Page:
Walking the Line Between PUSHING Ahead and PULLING Back

We were competing to get to 100 lb. weighted-pullups.

My buddy was in his early 20's. I was in my late 20's.

He was stronger than me in every exercise except squats. Pullups were no different.

When he was at about 85lbs. weighted pullups, I was at 70.

That's when I felt elbow pain for the first time..

He had it too.

Neither of us made it to 100 but we learned an important lesson:

How to Walk the Line between Pushing for MORE and

Pulling back to allow the body to adapt.

Over the years I've walked that line many times.

What you can learn from this is that you NEED to push yourself.

That's the first step.

From what I see, too many guys don't push themselves hard at all.

SO get after it.

The other side is knowing WHEN to pull back.

If you train alone with no help from a coach or a knowledgeable trainer partner, this takes experience.

You need to know HOW MUCH you are lifting each session, week, month..

How is your recovery? Do you sleep enough, eat enough of the RIGHT foods to fuel your body properly?

There are many ways to structure a program and it would take an entire book (which I AM going to do soon) but for our purposes in this article, let's keep it simple.

Regardless of how many days you train and how many reps/sets etc.. you need to cycle your training volume and intensity.

Like I said, there are a ton of different ways to put together a program but what's important to know is you need to alter your program here and there to keep making progress and avoid the dreaded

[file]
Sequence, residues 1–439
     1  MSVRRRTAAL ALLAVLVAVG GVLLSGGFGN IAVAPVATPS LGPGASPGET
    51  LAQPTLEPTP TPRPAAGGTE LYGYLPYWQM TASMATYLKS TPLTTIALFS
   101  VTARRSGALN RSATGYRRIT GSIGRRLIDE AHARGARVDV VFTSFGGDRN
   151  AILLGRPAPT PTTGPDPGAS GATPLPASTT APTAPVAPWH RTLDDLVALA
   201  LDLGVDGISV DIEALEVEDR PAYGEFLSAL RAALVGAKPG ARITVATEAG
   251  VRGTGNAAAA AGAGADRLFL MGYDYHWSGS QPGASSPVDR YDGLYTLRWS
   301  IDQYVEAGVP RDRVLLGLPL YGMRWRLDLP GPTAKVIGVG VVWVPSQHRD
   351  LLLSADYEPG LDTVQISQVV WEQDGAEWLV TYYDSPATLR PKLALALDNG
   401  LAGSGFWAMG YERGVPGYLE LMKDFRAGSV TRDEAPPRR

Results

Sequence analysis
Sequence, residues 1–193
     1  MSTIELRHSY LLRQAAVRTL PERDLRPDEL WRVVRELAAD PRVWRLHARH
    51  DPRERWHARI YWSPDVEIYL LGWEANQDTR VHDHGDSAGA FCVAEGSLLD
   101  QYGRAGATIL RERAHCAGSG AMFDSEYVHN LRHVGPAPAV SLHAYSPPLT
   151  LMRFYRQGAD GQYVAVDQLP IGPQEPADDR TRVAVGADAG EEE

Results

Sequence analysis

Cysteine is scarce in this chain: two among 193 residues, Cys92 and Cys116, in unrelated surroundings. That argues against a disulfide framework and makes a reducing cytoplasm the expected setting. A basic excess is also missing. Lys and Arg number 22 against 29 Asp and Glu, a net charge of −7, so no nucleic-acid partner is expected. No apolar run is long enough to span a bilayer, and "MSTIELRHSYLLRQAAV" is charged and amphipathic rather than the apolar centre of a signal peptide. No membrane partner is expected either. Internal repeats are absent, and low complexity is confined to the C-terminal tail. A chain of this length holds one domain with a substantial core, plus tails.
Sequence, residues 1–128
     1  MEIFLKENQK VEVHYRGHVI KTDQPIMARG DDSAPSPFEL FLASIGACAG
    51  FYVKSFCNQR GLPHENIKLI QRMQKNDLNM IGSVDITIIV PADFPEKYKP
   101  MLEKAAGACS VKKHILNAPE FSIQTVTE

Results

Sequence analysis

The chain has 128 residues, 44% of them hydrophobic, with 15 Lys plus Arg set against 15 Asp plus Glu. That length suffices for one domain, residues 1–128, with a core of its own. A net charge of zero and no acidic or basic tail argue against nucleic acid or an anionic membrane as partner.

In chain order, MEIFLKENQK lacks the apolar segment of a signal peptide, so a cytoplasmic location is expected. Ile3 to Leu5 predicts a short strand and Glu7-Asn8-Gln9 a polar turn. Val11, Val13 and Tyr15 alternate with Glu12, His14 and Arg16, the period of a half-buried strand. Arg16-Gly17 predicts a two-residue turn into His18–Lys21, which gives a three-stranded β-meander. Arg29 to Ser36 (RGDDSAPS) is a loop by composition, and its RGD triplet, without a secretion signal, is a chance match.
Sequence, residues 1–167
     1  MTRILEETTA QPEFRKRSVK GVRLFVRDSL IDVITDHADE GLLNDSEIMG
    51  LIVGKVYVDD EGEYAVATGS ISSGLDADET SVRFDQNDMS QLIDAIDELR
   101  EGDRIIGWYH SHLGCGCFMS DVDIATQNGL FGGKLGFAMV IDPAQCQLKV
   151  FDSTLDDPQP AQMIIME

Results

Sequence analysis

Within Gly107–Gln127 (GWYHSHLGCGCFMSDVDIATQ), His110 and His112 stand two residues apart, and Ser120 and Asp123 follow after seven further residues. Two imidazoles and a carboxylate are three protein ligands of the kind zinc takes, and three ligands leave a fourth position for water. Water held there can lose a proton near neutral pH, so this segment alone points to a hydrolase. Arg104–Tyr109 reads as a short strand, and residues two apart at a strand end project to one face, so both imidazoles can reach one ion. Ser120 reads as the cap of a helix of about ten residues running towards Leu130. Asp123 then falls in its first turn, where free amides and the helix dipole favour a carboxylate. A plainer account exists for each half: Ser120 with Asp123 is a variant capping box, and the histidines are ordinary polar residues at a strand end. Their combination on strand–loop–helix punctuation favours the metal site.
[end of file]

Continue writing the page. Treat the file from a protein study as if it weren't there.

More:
For example:

You squat once a week for 3 sets of 8 reps. The next week you squat 4 sets for 8 reps. The third week you squat 5 sets for 8 reps.

Eventually you will not be able to add sets to your squats in one session. You can add another session and split the work between the two workouts; or you can reduce the volume in week 4 to 3 sets of 6 reps, the fifth week 4 sets of 6, etc..

3 week waves are an effective way to change the stimulus just enough so you aren't burning yourself out trying to do MORE every single week.

Yes, you NEED to PUSH hard and force the issue. Strength doesn't come from being easy and soft.

As you know, it takes a lot of effort and persistence to grow in mind and body. If you are lazy and/or weak-minded it will test you and you will either GROW and ADAPT or you will quit and remain where you are...

Having a smart program that allows you to PUSH ahead and also PULL back is key to long-term strength development and avoiding plateaus and injuries.

If you need help with your program, I am accepting 3 new clients- APPLY HERE.